The other bowl games will continue to have the ability to make money by simply asking two schools to play there either during the season, or after it’s over. The school can decline, so adios to the conference tie-ins. Or even better, two schools can get together and ask the bowl if it’s OK. For example, Florida and Georgia can play in the annual Gator Bowl (but they could change the name, because that’s not fair), and Texas and Oklahoma can play in the Cotton Bowl (when it’s not hosting the championship). Georgia and Georgia Tech could agree to play in the Chik-Fil-A Bowl every three years and each team can still host it every three years. Tennessee and UNC (I’m just making up teams) could play in the Chik-Fil-A Bowl one of the other years, and Florida State and Clemson could play in it the third year, then it rotates back to UGA-GT. Or something like that.

Now onto the actual selection process. Yes, it will use computers, but it won’t be stupid. Here are the priorities, in order of importance:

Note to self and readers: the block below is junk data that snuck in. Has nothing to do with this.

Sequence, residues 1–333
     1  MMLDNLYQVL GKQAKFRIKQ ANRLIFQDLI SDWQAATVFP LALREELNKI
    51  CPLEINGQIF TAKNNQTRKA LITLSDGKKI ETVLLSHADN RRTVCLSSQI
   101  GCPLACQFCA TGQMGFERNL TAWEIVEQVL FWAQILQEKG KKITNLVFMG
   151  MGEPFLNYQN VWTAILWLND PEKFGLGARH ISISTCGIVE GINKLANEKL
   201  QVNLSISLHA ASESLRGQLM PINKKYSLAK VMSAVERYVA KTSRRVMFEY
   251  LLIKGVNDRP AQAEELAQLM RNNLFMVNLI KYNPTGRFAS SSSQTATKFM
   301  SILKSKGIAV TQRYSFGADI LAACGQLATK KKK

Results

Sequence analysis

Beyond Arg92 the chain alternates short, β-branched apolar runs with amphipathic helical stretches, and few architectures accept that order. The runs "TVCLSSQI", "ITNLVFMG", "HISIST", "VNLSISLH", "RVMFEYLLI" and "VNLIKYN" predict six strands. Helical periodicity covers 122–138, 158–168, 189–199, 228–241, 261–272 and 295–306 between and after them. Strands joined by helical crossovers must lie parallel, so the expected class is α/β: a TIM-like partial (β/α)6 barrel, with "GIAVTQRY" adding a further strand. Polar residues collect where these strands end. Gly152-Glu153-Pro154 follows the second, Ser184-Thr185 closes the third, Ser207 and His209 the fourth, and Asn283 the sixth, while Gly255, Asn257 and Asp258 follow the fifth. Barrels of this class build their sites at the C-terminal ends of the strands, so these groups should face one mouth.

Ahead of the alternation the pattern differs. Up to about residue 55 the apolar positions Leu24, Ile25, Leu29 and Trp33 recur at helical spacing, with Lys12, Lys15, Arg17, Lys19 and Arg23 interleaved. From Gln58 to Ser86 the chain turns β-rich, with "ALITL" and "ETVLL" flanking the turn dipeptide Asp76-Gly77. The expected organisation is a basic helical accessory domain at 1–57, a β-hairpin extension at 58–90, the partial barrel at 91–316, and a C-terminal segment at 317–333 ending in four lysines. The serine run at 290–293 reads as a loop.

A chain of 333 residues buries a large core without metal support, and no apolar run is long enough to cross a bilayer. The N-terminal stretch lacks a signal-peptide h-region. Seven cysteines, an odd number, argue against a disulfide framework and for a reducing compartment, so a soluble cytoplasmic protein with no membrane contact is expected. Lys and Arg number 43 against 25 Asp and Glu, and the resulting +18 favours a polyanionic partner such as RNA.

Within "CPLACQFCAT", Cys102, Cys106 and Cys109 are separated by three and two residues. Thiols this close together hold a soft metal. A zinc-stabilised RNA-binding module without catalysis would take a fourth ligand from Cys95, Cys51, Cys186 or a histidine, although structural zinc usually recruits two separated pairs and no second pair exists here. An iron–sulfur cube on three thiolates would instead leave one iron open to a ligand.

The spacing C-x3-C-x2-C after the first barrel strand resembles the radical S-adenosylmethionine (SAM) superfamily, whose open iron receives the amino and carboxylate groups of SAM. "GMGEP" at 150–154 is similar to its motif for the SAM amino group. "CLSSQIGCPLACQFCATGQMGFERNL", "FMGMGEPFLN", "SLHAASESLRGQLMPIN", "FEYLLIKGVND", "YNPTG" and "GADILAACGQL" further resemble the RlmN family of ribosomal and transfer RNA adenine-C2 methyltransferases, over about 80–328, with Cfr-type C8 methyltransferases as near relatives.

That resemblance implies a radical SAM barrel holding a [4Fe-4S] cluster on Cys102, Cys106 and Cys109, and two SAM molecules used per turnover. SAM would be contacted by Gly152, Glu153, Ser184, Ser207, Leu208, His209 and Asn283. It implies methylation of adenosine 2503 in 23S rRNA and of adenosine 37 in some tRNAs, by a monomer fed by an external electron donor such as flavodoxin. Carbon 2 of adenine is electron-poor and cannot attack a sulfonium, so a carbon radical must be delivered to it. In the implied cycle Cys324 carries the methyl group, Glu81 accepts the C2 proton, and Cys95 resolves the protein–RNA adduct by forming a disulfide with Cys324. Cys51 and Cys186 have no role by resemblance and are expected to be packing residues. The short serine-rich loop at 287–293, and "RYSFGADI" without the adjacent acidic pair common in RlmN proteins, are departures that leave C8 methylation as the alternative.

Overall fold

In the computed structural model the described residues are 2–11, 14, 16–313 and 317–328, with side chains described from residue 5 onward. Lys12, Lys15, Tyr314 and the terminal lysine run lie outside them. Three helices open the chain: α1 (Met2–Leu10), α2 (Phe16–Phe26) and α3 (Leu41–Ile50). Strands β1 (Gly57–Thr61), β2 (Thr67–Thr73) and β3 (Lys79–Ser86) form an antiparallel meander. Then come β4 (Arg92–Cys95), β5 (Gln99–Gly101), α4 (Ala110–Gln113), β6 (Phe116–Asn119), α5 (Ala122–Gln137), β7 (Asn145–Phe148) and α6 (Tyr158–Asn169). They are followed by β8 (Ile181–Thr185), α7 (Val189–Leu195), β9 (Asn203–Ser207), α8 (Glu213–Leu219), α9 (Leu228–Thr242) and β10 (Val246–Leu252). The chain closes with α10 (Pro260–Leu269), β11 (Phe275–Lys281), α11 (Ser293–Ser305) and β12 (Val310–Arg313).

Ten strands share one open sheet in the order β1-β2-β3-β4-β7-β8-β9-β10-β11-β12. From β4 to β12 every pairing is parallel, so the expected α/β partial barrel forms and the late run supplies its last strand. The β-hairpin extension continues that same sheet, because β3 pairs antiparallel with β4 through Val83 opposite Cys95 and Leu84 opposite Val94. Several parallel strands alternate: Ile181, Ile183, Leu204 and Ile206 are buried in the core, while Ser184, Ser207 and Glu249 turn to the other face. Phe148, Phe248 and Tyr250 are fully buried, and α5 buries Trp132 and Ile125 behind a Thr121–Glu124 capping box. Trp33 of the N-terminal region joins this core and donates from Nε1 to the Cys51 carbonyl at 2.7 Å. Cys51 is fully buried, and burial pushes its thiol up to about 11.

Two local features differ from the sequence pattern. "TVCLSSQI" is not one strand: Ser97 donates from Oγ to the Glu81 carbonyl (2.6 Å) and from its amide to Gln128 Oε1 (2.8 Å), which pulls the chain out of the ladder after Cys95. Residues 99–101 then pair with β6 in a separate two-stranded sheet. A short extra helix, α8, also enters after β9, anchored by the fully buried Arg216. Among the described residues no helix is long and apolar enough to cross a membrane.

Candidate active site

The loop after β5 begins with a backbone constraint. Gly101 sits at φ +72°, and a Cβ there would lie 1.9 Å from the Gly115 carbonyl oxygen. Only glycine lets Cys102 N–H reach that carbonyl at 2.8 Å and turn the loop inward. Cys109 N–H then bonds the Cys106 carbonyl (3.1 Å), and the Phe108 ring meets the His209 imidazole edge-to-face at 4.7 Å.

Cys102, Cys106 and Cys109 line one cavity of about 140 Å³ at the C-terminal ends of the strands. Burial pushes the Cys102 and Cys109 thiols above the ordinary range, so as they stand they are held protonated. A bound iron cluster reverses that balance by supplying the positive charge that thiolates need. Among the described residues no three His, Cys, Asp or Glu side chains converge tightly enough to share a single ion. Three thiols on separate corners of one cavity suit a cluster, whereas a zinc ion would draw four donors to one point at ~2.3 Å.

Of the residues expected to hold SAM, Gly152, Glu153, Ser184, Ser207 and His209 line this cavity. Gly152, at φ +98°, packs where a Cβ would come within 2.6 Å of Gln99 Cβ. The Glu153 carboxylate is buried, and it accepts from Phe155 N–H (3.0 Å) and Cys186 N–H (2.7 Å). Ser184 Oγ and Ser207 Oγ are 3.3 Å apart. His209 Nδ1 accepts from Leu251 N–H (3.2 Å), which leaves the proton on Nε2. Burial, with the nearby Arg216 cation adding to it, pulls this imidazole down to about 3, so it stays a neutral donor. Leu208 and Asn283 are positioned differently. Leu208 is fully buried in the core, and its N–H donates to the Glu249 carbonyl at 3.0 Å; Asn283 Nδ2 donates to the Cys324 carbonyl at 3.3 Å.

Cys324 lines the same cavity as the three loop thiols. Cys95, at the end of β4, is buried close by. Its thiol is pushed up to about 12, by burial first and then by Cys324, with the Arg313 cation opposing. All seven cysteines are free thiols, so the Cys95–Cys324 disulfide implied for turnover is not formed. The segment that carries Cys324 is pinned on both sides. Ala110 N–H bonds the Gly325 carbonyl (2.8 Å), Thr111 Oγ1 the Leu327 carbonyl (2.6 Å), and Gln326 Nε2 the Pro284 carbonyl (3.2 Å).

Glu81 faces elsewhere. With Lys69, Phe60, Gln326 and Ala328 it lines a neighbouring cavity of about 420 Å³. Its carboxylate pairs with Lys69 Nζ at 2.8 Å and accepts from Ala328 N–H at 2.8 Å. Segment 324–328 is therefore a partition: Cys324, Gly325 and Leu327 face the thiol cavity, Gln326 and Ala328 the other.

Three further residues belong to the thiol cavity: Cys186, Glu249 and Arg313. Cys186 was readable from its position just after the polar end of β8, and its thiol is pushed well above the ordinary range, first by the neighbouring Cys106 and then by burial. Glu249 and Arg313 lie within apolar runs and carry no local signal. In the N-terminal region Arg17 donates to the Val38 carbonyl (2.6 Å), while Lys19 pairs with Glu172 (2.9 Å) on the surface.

1) win-loss record

2) strength of schedule/ where games were played

3) average margin of victory

THESE GO HAND IN HAND. If a team is undefeated but with no quality wins then it can wind up out of the top 10. Yes, win loss record is the most important factor… but not the ONLY factor.

Note- after the margin of victory has hit 50, it doesn’t matter how much worse it gets. For selection purposes, a 50 point win counts the same as a 250 point win. This is to avoid teams scoring again when up 59-10 or something big like that, or at least to not encourage them to keep going because it won’t help them in the rankings.

To the BCS- why the hell not? Oh, that’s right, you greedy bastards called BCS officials are too busy sitting in your living room and jerking off as you watch the meaningless BCS Bowl games with cash arriving at your houses in truckloads.

In all honesty, this is illegal. This can actually go to court. It has already, actually. But this can be settled once and for all.